Food Faux Pas in South Korea: Part 2

I was told that these were "fishcakes." Whatever they were, they were pretty good. (Charlie Crespo)

I was told that these were “fishcakes.” Whatever they were, they were pretty good. (Charlie Crespo)

This is the second and final part of an earlier article detailing a previous cultural embarrassment committed by my friend Sean and yours truly. Before reading this article, you should probably read about the initial faux pas that created an international incident, which you can find here. OK, there wasn’t really an international incident. But you will laugh and it will set the scene for this article.

After our initial struggle trying to decide what to eat in which order, Sean and I started to get the hang of things. Granted, we ate a lot of street food while in South Korea and that’s pretty hard to mess up. As we walked about exploring, we stumbled across stands selling everything from the harmless waffle ice cream sandwich to the more challenging fish cake, though I didn’t know that’s what it was when I originally purchased it.

Sean trying to take it all in. (Charlie Crespo)

Sean trying to take it all in. (Charlie Crespo)

The guessing game you play with street food while in Asia is something you get used to after a bit. While we were in Shanghai, Sean was able to, at the very least, give me an idea of what I was eating from whatever dubious cart we happened to be in front of, either because he had eaten it already or because he could communicate with the owner in somewhat-broken Mandarin. When I was without him in Shanghai, I was left to sheepishly point at things, hoping for the best.

When we moved on to Seoul and Tokyo, his guesses became as good as mine. Though it can be a bit unnerving at first, eating mystery meals from sketchy carts or stalls was one of the most exciting parts (at least for me) about traveling in Asia. Sure, some of it was hard to stomach and some of it made me pretty sick — especially in China — but, for the most part, the food is good and the novel tastes and textures make for an unique experience.

Anyway, a few days after our mishaps with Korean barbeque we decided to give it another shot. One reason: It was simply delicious and we just wanted to eat it as much as possible before we left Seoul. The other and more important reason: We felt like we needed to redeem ourselves for our previous indiscretions.

As we walked through a part of the city that contained a large outdoor market, we spotted a barbeque restaurant much like the one from the first night. Strangely, it was located right by an Outback Steakhouse, which I had yet to come across in Asia. Although American fast food chains like Pizza Hut, McDonald’s, and KFC had been everywhere, I had yet to see the type of casual, sit-down restaurant like Chili’s or Friday’s that litter American shopping plazas. But here was an Outback, beckoning us with its Bloomin Onion siren song. It wasn’t a hard decision to pass up though because Outback sucks we were on a mission.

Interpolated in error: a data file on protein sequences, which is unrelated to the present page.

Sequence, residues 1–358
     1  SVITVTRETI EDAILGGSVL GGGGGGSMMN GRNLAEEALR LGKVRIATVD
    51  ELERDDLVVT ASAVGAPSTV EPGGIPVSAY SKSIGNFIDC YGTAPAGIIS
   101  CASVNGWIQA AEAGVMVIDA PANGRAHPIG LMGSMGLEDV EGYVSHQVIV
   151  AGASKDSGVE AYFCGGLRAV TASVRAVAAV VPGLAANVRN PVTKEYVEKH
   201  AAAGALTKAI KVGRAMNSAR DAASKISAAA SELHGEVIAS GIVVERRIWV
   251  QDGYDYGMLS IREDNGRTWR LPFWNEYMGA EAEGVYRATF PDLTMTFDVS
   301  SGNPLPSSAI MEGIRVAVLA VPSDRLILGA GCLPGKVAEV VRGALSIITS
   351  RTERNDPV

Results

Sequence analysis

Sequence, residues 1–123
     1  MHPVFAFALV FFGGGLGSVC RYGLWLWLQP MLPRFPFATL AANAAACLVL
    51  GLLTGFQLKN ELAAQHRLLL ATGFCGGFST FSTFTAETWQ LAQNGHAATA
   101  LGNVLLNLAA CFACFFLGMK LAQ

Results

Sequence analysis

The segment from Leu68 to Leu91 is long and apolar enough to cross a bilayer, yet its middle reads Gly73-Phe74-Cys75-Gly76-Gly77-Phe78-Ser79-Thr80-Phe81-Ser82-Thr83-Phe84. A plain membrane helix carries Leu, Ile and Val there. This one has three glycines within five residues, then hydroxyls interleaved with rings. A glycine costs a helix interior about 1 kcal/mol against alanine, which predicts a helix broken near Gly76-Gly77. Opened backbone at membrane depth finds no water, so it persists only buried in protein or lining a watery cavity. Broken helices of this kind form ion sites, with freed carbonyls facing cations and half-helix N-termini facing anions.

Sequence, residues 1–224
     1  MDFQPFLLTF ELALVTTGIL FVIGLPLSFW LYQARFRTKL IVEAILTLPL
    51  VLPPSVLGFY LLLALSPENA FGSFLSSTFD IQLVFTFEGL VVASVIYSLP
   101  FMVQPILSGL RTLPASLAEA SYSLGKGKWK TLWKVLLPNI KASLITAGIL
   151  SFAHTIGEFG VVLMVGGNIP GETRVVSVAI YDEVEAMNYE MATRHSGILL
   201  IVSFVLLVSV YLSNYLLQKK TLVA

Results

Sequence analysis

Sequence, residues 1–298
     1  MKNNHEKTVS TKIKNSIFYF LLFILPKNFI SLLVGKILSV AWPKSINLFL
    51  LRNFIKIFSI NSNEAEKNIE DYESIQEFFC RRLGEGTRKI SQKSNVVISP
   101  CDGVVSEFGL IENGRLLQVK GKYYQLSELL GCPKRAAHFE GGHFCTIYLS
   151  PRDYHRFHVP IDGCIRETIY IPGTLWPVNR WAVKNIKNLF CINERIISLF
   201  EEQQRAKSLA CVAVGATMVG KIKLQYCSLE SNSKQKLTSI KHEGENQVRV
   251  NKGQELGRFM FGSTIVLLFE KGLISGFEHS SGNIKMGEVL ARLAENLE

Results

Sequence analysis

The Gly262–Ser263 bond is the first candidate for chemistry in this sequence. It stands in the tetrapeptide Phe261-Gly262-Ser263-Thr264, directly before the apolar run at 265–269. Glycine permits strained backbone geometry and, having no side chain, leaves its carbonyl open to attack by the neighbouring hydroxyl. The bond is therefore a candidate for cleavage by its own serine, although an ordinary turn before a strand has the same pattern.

Oh, hey Outback. (Charlie Crespo)

Oh, hey Outback. (Charlie Crespo)

If you’ll allow me a quick digression, I need to explain something. I promise it will make sense in just a second. I’ve been eating with chopsticks for a while now and, although I’m no expert, I consider myself pretty adept at using them to get food into my mouth. Before I went to South Korea, however, I didn’t know that what I considered the standard chopstick wasn’t really used there (cultural ignorance alert). Unlike in China and Japan where you are given the wooden, rounded chopstick, in South Korea a flat, thin metal chopstick is used. There are some explanations as to why that is, but the important thing to know is that using the metal chopstick is way more difficult than using the wooden one.

OK, so anyway, we walked into the restaurant and sat down around the same type of grill in the middle of the table. This time we weren’t fazed; we had this down. When the waitress approached we pointed to the same menu items and soon were greeted with all the delicious condiments and the plates of raw meat. We didn’t need to ask for help this time and got to grilling. Needless to say, we were happy not to embarrass ourselves a second time.

Everything was going well and the food was good. A quarter of the way through the meal however, the waitress quietly approached the table and without saying a word laid down a fork at each of our sides and just as silently retreated across the room. Sean and I stared at each other in disbelief. While we thought we were looking like Korean barbeque veterans, the waitress had actually seen two Americans fumbling about with chopsticks like a toddler trying to corral a fumbled football.

To this day, I tell myself that she did what she did out of the goodness of her heart. She saw two customers struggling and figured she’d help them out. Of course, just because I tell myself that, doesn’t mean that’s what really happened. She could have just as easily went into the back of the restaurant and laughed it up with her coworkers, just as Sean and I would when customers would order a filet mignon well done at the restaurant we worked at back home.

Either way, it doesn’t really matter. Even though we tried our hardest, Seoul got the last laugh.

Again.

______________________________________________________________________________

CharlieCharlie Crespo (@Little_Utopia) is the editor-in-chief of Little Utopia.

Previously from Charlie Crespo:
No Longer Buried: Paa Joe’s Ephemeral Art
Monday’s Viral Video: Impala on the Run
The Strange, Sad Saga of Amanda Bynes
Phil Mickelson Reminds Us Why We Love Sports
Monday’s Viral Video: For Those Senior Citizens About to Rock, We Salute You

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